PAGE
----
Hello Friends! Thanks so much for stopping by and visiting my blog, Stock Picks Bob's Advice! As always, please remember that I am an amateur investor, so please remember to consult with your professional investment advisers prior to making any investment decisions based on information on this website.
I had a nice letter from Neil this afternoon who had some general questions about my blog. He wrote:
"I am trying to figure out how the blogs are ranked and who gets the most readers. How is yours? Also it sounds like your an amateur, do you work also?
I trade some, but find it difficult to beat the overall markets, I think I over trade, ever heard that before......"
Thanks so much for writing Neil. I also am not sure how 'blogs are ranked'. I guess that is determined by the particular website doing the ranking. One of the more reliable blog ranking services is Technorati.
I found this explanation about how Technorati goes ahead and rates blogs:
"Technorati Authority is the number of blogs linking to a website in the last six months. The higher the number, the more Technorati Authority the blog has.
It is important to note that we measure the number of blogs, rather than the number of links. So, if a blog links to your blog many times, it still only count as +1 toward your authority. Of course, new links mean the +1 will last another 180 days.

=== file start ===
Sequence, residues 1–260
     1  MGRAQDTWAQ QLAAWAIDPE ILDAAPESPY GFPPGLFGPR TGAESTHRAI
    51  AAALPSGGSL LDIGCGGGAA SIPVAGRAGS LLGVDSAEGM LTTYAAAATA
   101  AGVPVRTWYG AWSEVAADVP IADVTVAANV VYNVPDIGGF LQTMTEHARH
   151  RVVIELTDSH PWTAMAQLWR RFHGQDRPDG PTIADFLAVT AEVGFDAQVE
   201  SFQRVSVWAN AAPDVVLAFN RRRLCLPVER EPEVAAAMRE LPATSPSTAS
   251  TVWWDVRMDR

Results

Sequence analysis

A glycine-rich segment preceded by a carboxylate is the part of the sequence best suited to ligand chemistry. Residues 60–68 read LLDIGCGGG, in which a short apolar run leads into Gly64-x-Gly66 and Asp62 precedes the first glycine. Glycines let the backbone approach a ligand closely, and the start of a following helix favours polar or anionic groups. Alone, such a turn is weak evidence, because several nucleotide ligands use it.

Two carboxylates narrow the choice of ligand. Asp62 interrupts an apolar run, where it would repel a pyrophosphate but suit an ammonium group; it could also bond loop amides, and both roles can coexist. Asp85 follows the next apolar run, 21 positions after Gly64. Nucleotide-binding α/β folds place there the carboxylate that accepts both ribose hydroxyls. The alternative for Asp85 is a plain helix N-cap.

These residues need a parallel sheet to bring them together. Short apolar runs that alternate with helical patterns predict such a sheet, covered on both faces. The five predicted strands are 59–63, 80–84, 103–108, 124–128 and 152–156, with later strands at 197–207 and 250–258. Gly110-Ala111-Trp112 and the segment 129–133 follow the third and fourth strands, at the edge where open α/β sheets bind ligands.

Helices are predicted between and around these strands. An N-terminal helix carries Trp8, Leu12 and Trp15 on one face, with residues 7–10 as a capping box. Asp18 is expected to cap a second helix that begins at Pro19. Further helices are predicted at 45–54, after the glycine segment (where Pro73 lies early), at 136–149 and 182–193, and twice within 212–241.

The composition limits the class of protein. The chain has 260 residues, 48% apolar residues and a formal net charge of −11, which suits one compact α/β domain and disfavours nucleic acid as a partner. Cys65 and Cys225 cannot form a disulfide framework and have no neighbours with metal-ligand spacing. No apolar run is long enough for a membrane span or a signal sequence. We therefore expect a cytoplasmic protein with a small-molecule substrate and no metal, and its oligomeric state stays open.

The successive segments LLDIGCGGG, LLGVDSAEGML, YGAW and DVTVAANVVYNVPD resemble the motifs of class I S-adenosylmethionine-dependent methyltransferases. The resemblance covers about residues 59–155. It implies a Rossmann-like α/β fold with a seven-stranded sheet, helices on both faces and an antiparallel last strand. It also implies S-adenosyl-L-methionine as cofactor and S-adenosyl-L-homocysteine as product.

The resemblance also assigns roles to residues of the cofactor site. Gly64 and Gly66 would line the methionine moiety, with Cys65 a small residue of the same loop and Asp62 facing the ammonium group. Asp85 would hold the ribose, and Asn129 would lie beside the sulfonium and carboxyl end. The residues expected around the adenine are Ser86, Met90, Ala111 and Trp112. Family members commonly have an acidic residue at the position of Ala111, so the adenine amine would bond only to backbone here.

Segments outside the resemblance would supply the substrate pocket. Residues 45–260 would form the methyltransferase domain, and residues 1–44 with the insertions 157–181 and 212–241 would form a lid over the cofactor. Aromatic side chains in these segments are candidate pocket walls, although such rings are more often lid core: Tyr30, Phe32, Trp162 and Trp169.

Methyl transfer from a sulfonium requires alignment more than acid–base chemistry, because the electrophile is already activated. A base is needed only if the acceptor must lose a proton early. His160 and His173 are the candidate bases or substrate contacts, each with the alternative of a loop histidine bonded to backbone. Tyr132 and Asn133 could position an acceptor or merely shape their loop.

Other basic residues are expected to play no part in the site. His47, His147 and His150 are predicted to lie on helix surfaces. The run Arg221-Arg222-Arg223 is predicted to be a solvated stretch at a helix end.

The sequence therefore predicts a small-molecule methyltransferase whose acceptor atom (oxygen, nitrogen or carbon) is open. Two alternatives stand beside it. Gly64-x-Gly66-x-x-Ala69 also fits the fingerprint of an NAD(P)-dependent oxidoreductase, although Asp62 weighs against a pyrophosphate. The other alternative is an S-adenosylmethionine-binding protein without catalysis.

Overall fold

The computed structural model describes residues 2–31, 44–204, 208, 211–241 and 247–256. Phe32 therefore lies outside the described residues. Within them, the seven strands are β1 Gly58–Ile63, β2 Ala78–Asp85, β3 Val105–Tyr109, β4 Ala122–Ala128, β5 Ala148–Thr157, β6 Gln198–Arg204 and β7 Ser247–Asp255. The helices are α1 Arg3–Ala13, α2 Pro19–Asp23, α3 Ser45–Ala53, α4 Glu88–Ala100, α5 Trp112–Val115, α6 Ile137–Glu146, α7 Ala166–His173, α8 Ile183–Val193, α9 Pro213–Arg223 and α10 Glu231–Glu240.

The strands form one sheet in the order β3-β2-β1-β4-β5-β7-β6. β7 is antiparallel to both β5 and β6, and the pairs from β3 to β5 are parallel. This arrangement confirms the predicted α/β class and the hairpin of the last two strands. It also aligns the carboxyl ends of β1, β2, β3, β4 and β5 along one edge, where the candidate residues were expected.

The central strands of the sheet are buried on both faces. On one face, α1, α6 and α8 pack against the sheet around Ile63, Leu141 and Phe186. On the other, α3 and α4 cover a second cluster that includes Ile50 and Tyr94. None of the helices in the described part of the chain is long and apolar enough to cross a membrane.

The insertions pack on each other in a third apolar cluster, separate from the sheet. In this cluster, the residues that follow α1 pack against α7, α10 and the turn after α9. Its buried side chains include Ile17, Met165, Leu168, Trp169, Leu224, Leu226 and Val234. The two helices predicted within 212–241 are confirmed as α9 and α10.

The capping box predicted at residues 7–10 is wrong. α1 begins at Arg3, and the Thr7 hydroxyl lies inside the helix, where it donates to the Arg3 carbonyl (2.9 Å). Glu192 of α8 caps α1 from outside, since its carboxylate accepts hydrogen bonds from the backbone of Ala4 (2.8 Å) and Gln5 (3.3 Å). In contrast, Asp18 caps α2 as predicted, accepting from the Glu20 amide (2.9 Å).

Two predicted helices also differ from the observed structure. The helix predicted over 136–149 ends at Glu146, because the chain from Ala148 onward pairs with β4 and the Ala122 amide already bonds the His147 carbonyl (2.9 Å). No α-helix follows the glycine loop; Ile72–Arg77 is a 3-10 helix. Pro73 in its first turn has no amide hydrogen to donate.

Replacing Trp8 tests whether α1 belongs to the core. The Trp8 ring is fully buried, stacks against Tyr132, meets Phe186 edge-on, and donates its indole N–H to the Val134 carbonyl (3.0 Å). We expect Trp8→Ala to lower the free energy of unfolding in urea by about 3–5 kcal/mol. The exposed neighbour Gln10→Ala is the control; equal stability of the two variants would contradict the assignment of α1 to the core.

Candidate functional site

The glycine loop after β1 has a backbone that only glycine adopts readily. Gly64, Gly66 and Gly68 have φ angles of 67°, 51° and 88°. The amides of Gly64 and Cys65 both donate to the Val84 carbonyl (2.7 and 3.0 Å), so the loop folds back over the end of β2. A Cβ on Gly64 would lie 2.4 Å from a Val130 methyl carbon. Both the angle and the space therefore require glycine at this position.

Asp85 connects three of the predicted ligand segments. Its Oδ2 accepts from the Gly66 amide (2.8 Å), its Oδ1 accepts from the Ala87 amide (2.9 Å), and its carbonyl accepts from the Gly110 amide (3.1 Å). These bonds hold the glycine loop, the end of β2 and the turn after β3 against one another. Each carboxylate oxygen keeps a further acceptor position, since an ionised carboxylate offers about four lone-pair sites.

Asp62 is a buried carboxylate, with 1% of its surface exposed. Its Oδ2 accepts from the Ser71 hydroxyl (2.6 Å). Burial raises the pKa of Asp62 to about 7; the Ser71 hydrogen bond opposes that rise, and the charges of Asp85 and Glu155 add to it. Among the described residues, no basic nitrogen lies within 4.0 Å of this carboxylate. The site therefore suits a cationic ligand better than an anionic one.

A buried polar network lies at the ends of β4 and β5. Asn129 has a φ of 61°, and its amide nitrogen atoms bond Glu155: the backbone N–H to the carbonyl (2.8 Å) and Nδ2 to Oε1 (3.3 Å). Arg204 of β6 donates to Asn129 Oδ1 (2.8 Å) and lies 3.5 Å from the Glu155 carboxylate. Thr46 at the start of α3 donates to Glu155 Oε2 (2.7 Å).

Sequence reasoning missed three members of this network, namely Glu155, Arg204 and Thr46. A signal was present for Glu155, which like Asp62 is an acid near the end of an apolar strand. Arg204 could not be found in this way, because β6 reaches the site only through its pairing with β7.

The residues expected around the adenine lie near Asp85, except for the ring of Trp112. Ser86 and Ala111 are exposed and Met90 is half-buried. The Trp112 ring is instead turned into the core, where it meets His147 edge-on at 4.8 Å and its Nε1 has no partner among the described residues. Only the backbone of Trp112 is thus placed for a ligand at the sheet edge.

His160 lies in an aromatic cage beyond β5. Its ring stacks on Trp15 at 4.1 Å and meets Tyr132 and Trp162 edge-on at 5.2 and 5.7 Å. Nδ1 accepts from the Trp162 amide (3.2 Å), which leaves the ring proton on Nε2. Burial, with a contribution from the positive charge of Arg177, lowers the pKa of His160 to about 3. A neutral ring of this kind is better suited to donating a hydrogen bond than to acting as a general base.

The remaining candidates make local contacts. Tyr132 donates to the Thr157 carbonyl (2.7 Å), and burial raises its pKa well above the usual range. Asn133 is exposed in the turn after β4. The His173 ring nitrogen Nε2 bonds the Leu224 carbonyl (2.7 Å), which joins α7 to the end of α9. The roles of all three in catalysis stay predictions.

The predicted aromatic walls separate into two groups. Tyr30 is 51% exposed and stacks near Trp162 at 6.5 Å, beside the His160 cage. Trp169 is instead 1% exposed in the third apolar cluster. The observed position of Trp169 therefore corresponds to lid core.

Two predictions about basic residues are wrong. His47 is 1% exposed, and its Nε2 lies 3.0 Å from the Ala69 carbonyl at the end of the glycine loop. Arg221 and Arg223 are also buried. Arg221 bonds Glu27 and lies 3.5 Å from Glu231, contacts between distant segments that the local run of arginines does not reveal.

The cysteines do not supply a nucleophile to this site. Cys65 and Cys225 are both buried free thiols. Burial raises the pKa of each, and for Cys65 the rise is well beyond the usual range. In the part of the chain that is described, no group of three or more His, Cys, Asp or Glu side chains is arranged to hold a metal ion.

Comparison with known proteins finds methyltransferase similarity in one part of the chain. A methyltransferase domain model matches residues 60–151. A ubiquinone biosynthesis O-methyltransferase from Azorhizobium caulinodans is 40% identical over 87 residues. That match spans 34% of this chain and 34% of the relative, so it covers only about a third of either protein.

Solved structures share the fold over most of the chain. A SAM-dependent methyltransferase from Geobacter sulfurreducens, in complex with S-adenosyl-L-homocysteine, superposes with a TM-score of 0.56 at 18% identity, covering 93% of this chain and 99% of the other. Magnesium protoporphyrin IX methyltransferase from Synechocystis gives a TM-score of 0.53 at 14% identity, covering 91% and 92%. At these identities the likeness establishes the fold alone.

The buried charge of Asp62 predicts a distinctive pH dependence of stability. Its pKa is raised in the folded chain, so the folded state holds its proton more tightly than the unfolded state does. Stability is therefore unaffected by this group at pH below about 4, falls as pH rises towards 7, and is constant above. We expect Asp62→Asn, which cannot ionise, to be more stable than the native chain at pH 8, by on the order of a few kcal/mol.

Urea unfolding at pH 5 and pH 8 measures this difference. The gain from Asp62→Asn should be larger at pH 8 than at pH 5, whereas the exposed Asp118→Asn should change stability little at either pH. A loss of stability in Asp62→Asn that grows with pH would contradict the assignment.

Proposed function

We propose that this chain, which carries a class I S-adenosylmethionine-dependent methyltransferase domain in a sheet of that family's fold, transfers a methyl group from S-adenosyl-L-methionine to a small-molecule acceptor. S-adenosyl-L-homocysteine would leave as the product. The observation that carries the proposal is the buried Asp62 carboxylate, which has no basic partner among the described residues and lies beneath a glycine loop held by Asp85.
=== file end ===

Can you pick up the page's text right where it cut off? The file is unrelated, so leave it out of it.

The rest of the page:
Technorati Rank is calculated based on how far you are from the top. The blog with the hightest Technorati Authority is the #1 ranked blog. The smaller your Technorati Rank, the closer you are to the top."
Well that at least is how Technorati does it.
"Positive factors affecting blog rank:
- How many RSS subscriptions there are to the blog.
- How often people click on a link to the post in .
- How many blogrolls the blog is in.
- How many “high quality” blogrolls the blog is in.
- If the blog offers visitors the chance to tag posts, whether people are tagging them.
- References to the blog by sources other than blogs.
Negative factors affecting blog rank:
- If new posts appear in short bursts or at predictable intervals.
- If the content of the posts doesn’t match the content of feeds from the posts.
- If the content includes a lot of spam related keywords.
- If a lot of content is duplicated in multiple posts from a blog.
- Whether posts are the same size, or roughly the same size.
- Link distribution of the blog.
- If posts primarily link to one page or site."
Then of course there are other lists of top blogs. For instance Wikio offers a list of the top 300 blogs.
Here is a list of the Top 100 Personal Finance Blogs by FIRE Finance (a website I am not very familiar with).
I even found a list of "Finance Blogs Readability Ranked" to help determine how "readable" some of the more popular blogs are.
Finishing up with Technorati, this is a list of the top 100 blogs broken down by "number of fans". I suspect this is the sort of list you were looking for.
You asked about how "popular" my blog is. At least on this main website, you can find out about my visits on my Sitemeter Page. Checking this evening, the 'counter' relates that I have had 209,921 total visitors and average 126 visitors/day.